Q: What factors have the biggest impact on how biotechs bring cell therapies to market today? How can they keep up with the changing dynamics?
A: Today, most cellular therapies are administered in the in-patient hospital setting. This approach is acceptable in a clinical environment but can be problematic in a commercial environment. Generally, most hospitals are resource-constrained; have limited physical space; and in-patient reimbursement is often not favorable. Covid-19 is also straining hospital resources and is creating an environment in which health care practitioners are reluctant to administer to and admit high-risk, immunocompromised cell therapy patients.
In the near term, the U.S. healthcare system will experience a surge in new cell therapies, so paying close attention to the operational profiles of these therapies is critical. Stated simply, the global hospital ecosystem cannot effectively treat all eligible patients in a hospital setting; there is simply not enough infrastructure to accommodate market demand. In response to this infrastructure challenge, drug developers must work with healthcare providers and administrators to create more flexibility in the administration of cell therapies and the management of patients. This is achieved by developing a comprehensive understanding of a product’s safety profile and developing portable patient monitoring devices to manage safety requirements.
As cell therapies become more widely utilized, drug developers need to consider how site of care administration tactics can be implemented to improve patient throughput.
Lastly, generating both inpatient and outpatient data during the clinical development stage is instrumental to ensuring market adoption in the real-world setting.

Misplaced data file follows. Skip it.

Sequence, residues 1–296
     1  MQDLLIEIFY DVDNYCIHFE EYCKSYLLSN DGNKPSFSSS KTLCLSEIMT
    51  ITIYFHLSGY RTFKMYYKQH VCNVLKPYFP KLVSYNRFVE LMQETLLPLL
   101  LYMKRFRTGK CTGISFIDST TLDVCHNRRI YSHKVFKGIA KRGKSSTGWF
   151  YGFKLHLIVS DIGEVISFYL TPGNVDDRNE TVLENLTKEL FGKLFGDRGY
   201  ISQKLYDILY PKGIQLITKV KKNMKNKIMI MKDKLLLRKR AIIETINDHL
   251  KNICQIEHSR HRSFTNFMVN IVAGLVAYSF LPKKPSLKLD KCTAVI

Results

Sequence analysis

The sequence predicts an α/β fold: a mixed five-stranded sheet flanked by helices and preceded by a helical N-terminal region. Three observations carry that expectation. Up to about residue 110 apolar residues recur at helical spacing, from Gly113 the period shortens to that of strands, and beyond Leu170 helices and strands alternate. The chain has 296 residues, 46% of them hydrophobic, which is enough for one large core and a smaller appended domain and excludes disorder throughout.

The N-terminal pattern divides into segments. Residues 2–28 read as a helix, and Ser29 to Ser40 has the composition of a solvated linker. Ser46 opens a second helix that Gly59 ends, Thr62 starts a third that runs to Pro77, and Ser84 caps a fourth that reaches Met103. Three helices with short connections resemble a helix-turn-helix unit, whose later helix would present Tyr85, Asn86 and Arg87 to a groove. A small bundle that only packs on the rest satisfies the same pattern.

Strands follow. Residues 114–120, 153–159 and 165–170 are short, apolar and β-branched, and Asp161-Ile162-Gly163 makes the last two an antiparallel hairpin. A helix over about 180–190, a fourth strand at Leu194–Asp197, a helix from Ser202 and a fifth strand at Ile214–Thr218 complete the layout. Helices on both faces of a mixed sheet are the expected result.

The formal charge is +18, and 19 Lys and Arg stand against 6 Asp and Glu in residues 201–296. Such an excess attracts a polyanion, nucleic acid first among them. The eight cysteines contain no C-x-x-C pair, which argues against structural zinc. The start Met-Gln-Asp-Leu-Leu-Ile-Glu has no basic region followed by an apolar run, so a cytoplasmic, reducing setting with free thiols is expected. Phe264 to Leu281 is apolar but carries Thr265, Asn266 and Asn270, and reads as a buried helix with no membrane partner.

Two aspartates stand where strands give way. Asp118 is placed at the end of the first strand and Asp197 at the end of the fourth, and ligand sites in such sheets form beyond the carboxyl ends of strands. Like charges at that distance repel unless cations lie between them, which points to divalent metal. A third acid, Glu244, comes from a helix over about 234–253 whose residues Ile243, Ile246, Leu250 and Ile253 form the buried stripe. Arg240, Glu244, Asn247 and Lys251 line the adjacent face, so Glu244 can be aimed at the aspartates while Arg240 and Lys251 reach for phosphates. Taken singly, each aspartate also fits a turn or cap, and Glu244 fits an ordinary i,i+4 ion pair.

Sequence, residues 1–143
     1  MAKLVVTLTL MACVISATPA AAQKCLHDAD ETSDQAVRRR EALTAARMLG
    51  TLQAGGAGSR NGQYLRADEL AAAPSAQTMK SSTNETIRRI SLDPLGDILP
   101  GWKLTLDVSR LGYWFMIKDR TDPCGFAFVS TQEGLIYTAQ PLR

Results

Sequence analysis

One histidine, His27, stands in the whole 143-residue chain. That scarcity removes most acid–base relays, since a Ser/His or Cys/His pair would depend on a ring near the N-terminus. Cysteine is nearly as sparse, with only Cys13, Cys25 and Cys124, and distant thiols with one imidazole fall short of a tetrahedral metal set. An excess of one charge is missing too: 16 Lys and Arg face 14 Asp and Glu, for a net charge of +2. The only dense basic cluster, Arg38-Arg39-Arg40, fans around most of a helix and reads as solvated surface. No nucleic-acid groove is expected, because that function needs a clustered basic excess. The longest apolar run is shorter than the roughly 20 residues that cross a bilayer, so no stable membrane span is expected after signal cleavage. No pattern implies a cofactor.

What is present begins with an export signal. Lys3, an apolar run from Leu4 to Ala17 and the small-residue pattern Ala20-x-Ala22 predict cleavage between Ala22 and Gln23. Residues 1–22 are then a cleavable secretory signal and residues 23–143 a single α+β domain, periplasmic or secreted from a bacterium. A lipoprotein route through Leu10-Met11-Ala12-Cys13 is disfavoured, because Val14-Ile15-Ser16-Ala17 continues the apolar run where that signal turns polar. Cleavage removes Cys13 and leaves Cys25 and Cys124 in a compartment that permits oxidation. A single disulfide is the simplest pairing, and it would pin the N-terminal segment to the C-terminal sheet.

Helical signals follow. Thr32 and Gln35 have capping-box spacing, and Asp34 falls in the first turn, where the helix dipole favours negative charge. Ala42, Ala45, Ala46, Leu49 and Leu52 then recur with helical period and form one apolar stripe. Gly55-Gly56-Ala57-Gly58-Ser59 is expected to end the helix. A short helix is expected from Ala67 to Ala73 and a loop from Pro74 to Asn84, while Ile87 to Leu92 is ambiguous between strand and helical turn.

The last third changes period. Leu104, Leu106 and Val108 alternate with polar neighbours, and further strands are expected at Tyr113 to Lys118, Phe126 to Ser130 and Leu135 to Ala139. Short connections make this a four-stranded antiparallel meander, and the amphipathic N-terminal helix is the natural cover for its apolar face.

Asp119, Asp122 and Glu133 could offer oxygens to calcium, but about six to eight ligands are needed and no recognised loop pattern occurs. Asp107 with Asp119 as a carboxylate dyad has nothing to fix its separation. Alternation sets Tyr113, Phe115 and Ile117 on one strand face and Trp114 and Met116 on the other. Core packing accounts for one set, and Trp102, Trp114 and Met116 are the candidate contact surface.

Q: What safeguards should biotechs have in place when handling sensitive patient data?
A: Cell therapy products are manufactured individually, patient by patient. Because of this, confidential patient-level data must be carefully managed during the product fulfillment process. To ensure the integrity of patient-level data, drug developers must build and implement sophisticated IT data management platforms in preparation for commercial launch.
In addition to safeguarding data, data management platforms must also serve as the communication hub connecting hospitals, physicians, drug manufacturers, support services, and patients.
Q: Given everything we’ve discussed, what’s one piece of commercialization advice for your colleagues in the industry?
A: When commercializing cell therapies, start commercial planning early and think cross-functionally. I recommend starting the commercial development process at the same time as the clinical plan is under development. Clinical development teams need to understand commercial launch requirements to ensure they are incorporated into clinical trial designs. Once manufacturing and medical are brought into the mix, cross-functional working groups will be indispensable to creating the target product profiles and identifying the optimal performance metrics to measure success. I firmly believe that implementing a three-pronged strategic approach to cell therapies will provide an excellent foundation for success.
Steve Gavel has served as vice president of global commercial development at Legend Biotech since July 2018. He brings over 28 years of commercial experience in biotech start-ups, leading pharmaceutical and medical device organizations.
Most recently, Gavel worked at Celgene Corporation, where he led US CAR-T commercial development activities for their bb2121 program. In this role, he led commercial launch strategy and execution planning in the United States. Prior to Celgene, Gavel led VELCADE marketing strategy and execution at Takeda Oncology, where he served as Senior Marketing Director.
Prior to Takeda Oncology, Gavel held multiple sales, marketing, and market access leadership positions in companies such as Syntex, Immunex, Johnson & Johnson, and IMS Health.
Gavel earned his Bachelor of Science degree in finance and business administration from Millersville University in Millersville, Pennsylvania, USA.